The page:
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Hope Beyond the Garden of Eden

Olivia Davis

How can we have hope beyond the Garden of Eden?

Hope is possible in any circumstance, even those that seem utterly unbearable, when the object of that hope is God’s promises to us. We see this even in Genesis 3, when God expels Adam and Eve from the Garden of Eden. We read:

…the Lord God sent Adam out from the garden of Eden to work the ground from which he was taken. He drove out the man, and at the east of the garden of Eden he placed the cherubim and a flaming sword that turned every way to guard the way to the tree of life.

Genesis 3:23-24

As Adam and Eve face the barren world before them, they know that something has been broken. Their lives will now be full of toil, sweat, and pain (Genesis 3:17-19). Their relationship with God might never be the same; they might never walk with Him in the garden again.

However, Adam and Eve still have a reason to hope. Before they were cast out of the garden, God addresses the Serpent, saying that Eve’s offspring “…shall bruise [the serpent’s] head, and [the serpent] shall bruise his heel” (Genesis 3:15). This means that the Serpent will not have the last word. Just as he deceived Eve into doing something that would lead to her death (Genesis 2:17), he too will die—at the heel of Eve’s offspring. The wrong done to Adam and Eve by the Serpent would be repaid, and justice would come through their children. Thus, even as Adam and Eve looked upon their hostile new world, they did not have to look upon it as people without hope because God had promised to make things right again.

It is significant that Adam and Eve’s hope rests in God’s promises because when the Serpent was tempting Adam and Eve, this is precisely what the Serpent calls into question. His first words to them are, “Did God actually say?” (Genesis 3:1). Then, he suggests that Eve might even become like God, bringing into question who she was and could be and even suggesting that God was limiting her (Genesis 3:4-5). Eve doubts God’s word, believing the Serpent’s instead, and she takes the fruit she was forbidden to eat. She then gives it to Adam, who also eats it (Genesis 3:6). Everything began by questioning what God actually said.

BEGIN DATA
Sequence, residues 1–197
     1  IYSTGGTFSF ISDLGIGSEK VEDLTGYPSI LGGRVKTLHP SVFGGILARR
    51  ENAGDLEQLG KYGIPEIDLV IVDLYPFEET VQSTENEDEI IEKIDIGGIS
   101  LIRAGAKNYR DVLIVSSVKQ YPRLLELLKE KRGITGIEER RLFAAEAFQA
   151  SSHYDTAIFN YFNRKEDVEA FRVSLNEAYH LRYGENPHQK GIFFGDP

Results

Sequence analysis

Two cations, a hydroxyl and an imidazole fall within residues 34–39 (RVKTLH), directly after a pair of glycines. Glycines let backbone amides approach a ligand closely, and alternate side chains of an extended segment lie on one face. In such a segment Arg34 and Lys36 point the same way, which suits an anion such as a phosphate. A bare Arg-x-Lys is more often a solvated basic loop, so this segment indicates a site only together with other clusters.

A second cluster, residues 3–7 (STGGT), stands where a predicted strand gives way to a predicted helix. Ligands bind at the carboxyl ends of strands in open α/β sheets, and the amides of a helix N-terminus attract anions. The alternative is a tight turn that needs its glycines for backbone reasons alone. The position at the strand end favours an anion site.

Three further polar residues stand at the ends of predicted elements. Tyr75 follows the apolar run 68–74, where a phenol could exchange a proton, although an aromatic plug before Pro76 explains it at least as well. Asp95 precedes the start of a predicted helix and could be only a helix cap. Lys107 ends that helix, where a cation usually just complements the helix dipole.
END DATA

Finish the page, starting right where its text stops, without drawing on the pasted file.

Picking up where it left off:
However, the same thing that Adam and Eve rejected (God’s word) could still be an object of their hope. Even though they did not know how the Serpent’s head would one day be crushed, God promised that it would be. They had hope that there was more of the story to come.

Jesus as the Fulfillment of God’s Word

On this side of the resurrection, we know Jesus Christ is the fulfillment of what God told the Serpent and Adam and Eve long ago. Jesus lived a perfect life. He took the promised Serpent’s bite on the heel upon Himself; He was struck by the world, and He died. Three days later, He rose from the grave in a literal resurrection. Death itself and all the Serpent represented were defeated. The Serpent’s head was crushed; Jesus was alive!

Jesus reconciled the world to God with His death and resurrection, and now, just as the curtain to the Holy of Holies was torn in two (Matthew 27:51), God is in communion with us through Christ. Maybe it is no coincidence that in the gospel of John, Mary Magdalene is the first to see the resurrected Jesus, and she mistakes Him for a gardener (John 20:15). When Adam and Eve leave the garden of Eden, the cherubim with a flaming sword guards the way to the Tree of Life (Genesis 3:24). Just as a serpent bite to the heel meant death, an attempt to reenter the garden would prove fatal. But now, after the death and resurrection of Jesus, we know the gardener, and we can walk in communion with Him in this world.

Although Christ has come, the world is still in the process of restoration. The kingdom is here, but not yet (1 John 3:2), and creation groans for its redemption (Romans 8:19-23). We hope for these things, for the promise of a new heaven and a new earth (2 Peter 3:13), for the day when every tear will be wiped from our eyes and when we will dwell with the Lord forever (Revelation 21:3-4). And, just as it was for Adam and Eve, our hope in all these things is grounded in God’s Word. As David writes in Psalm 119, “My soul longs for your salvation; I hope in your word.” (Psalm 119:81).

If you are struggling to hope, remember what God has said. Nothing—not even our own rebellion or unbelief—threatens God’s promises. When Adam and Eve ate the forbidden fruit, God did not abandon them. Instead, He sought them out and found them in the garden (Genesis 3:9). When they hid in shame because of their nakedness, God clothed them (Genesis 3:21). Their moment of unbelief in God’s word was no match for the hope that His promises offer. It was no match for His displays of love.

Christ overcomes all of our day-to-day struggles against sin, unbelief, and pride. He—and not ourselves—is our hope, and because of this, we can rejoice. We can look upon our world in all its brokenness from the view of our self-created exile, and be, as the prophet Zechariah writes, “prisoners of hope” (Zechariah 9:12). As Martyn Lloyd-Jones once put it, “When he lived in paradise, he turned it into a place of shame….O No! Man can never put this world right, but God can, and He will.”[1] Like Adam and Eve looking upon the world beyond the garden of Eden, we, too, can hope in the reality that God is in the process of restoring what we ourselves have broken and lost.

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[1] Martyn Lloyd-Jones, “A Living Hope of the Hereafter.” www.monergism.com/thethreshold/sdg/alivinghope.html